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  Get Specific!

Printed with permission from:

Pool's Edge Column - Swimming World Magazine - March 2007

By: Karlyn Pipes-Neilsen Aquatic Edge, Inc.

“The definition of insanity is doing the same thing over and over but expecting a different result”
- Benjamin Franklin

So what does this have to do with swimming? More than you think.

You may be in a swimming rut. Year after year you put in the yards, work hard and HOPE at the end of the season to be rewarded with good times. Sometimes you succeed, but often times you do not.

Have you ever wondered why? I’ll grudgingly concede that aging MAY play a small part in slower times, but there has to be more.

What I think is lacking in many masters training programs is SPECIFICTY, particularly when it comes to stroke. To swim well in a specific event (such as a 200 back, IM, breast or fly), you need to train all of the energy systems in that stroke (basic endurance, threshold and sprint) throughout the season. This means fewer freestyle sets and more stroke specific sets.

”Swimming a particular stroke in training is the only sure way to produce adaptations in all the muscle fibers that are used for that stroke.”
Ernest W. Maglischo, Swimming Even Faster

So how does a busy masters athlete (perhaps in a freestyle oriented program) make the most out of limited training time and still succeed at a specialty event? Here are a few suggestions that can help you to add more specificity to your training.

Talk to your coach
Communication is key… share your goals and hopefully the coach will recognize that everyone can benefit from stroke or IM sets. Ask for permission to modify freestyle sets by adding stroke (see #3). If you are not disrupting the lane or changing the interval, this should be OK (you are an adult, after all). I am fortunate to train with the Kona Dolphins, a USA swim team in Hawaii. Coach Harry Canales encourages me to swim backstroke, and the kids I train with know NOT to follow my lead if I switch to backstroke during a freestyle set.

Move down a lane
I know you belong in the “FAST” lane and can handle the hardest freestyle interval, but not if you are training IM or stroke. Moving down to an easier interval allows you to successfully complete stroke sets that can be specific to your event. Changing lanes also gives you the opportunity to swim with people other than your usual lane-mates.

Get creative
There are hundreds of ways to incorporate stroke training into a predominantly freestyle workout. For warm-up, try repeating a 100 free /100 non-free/50 kick. During a set of 100’s swim the first or last length either fly, back or breast. Or, swim every third 100 stroke or IM challenging yourself by making the freestyle interval. On a set of 200’s freestyle, swim the LAST 50 stroke. For longer distances, throw on your foam fins and do backstroke, kick or drills. During cool down, entertain yourself by mixing up 25’s of kick, stroke, and drills for at least 200.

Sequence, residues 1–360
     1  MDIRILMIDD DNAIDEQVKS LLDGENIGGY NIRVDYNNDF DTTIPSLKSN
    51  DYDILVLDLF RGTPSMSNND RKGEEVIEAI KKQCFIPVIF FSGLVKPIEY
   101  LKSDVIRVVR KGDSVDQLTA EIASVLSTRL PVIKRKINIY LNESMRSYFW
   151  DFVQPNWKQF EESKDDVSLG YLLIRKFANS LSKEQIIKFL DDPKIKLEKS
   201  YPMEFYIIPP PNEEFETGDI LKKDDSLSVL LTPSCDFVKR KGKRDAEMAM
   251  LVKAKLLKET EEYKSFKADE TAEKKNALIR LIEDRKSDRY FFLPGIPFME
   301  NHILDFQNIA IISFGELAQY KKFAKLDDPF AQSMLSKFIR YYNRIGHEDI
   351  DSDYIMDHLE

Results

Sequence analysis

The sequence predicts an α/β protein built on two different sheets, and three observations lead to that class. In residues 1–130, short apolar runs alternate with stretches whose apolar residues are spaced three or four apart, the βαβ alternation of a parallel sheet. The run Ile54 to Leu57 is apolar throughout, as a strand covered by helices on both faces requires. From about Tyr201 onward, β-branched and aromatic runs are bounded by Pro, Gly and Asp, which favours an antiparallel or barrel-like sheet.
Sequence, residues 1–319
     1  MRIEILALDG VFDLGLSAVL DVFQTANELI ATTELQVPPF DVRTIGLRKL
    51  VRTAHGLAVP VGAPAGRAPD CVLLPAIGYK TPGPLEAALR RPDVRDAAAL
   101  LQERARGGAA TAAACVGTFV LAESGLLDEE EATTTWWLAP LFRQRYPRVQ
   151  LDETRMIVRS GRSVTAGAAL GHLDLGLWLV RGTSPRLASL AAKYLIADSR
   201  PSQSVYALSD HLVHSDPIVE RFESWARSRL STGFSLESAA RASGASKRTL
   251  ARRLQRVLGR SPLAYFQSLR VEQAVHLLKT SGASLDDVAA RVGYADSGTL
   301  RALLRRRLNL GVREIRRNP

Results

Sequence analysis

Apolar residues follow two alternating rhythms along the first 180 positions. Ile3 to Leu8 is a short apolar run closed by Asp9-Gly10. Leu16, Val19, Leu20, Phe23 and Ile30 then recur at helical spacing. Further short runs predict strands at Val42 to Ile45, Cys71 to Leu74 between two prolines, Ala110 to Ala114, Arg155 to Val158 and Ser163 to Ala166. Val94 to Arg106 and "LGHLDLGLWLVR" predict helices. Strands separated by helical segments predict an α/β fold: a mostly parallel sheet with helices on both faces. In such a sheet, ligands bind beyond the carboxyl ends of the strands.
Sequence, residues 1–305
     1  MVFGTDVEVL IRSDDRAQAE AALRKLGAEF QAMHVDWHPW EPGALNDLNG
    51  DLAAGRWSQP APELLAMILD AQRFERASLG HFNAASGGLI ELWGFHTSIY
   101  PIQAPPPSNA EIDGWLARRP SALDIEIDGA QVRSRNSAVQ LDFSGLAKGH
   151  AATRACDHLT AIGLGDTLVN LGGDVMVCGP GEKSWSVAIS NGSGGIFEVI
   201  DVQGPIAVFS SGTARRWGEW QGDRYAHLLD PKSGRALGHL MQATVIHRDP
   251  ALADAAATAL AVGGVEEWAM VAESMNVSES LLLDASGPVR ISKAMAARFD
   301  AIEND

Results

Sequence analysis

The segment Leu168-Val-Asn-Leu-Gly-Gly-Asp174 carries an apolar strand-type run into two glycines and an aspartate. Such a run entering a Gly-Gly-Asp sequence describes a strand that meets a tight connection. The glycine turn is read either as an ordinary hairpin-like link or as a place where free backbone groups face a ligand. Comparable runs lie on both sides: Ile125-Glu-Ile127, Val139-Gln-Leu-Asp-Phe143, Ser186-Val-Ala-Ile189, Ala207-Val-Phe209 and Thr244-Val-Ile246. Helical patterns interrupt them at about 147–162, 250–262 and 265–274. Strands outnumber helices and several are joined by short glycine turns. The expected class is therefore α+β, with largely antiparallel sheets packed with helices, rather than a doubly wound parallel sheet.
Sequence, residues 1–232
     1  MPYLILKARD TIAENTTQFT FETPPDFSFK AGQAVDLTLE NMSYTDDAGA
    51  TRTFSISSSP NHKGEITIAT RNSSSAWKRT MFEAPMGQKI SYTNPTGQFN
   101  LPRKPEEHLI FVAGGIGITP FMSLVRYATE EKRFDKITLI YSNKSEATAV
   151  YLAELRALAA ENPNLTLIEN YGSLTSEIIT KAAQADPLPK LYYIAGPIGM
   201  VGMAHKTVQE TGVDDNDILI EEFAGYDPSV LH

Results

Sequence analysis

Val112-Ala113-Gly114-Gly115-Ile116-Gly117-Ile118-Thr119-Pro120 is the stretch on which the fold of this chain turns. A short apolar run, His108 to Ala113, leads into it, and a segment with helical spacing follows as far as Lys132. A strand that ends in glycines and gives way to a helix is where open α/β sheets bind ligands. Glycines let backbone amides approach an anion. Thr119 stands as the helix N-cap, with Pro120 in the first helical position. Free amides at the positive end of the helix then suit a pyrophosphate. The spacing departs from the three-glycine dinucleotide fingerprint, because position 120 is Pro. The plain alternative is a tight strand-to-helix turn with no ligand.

Train on your own
Training on your own gives you total control over the content of your workouts, solo training does have its drawbacks. It can be boring, it’s challenging to stay motivated and it’s hard to swim fast when there is no one there to push you. Create a seasonal plan and map out what sets you need to do and when. Measure your progress with test sets and establish short-term and long-term goals. If possible, find a friend with similar goals and train together.

Do a “bonus” set
Practice may be over, but not for you! Bonus sets are relatively short; say 16 x 25, 10 x 50, 5 x 100, 3 x 200, but this extra set will go a long way towards helping you reach your goal. Bonus sets should be as stroke specific as possible and can make up for lack of opportunity to swim stroke during the regular practice. This is also a great time to do an intense kick set, work on breakouts, fast turns, strong finishes or any other component of a race that you feel may need work. Guilt-trip a few teammates into joining you then go for it!

A word of caution…
Just like anything else, too much of a good thing can be unhealthy. To avoid overtraining, start by doing a mixture of strokes first, then add more specialty stroke work to your training each week. As the season progresses increase your stroke specific sets to include kicking, pulling and swimming (up to 60-70% of your workout). The goal is to find a good balance between building endurance, then move toward improving your speed, and finally to your taper phase where I hope you will see a positive result from all your efforts!

BIO: Karlyn Pipes-Neilsen will be inducted in the International Masters Swimming Hall of Fame Class of 2007. To preview her DVD GO Swim Freestyle with Karlyn Pipes-Neilsen visit www.goswim.tv. To find out more about Aquatic Edge Swim Technique Clinics and Camps, visit www.aquaticedge.org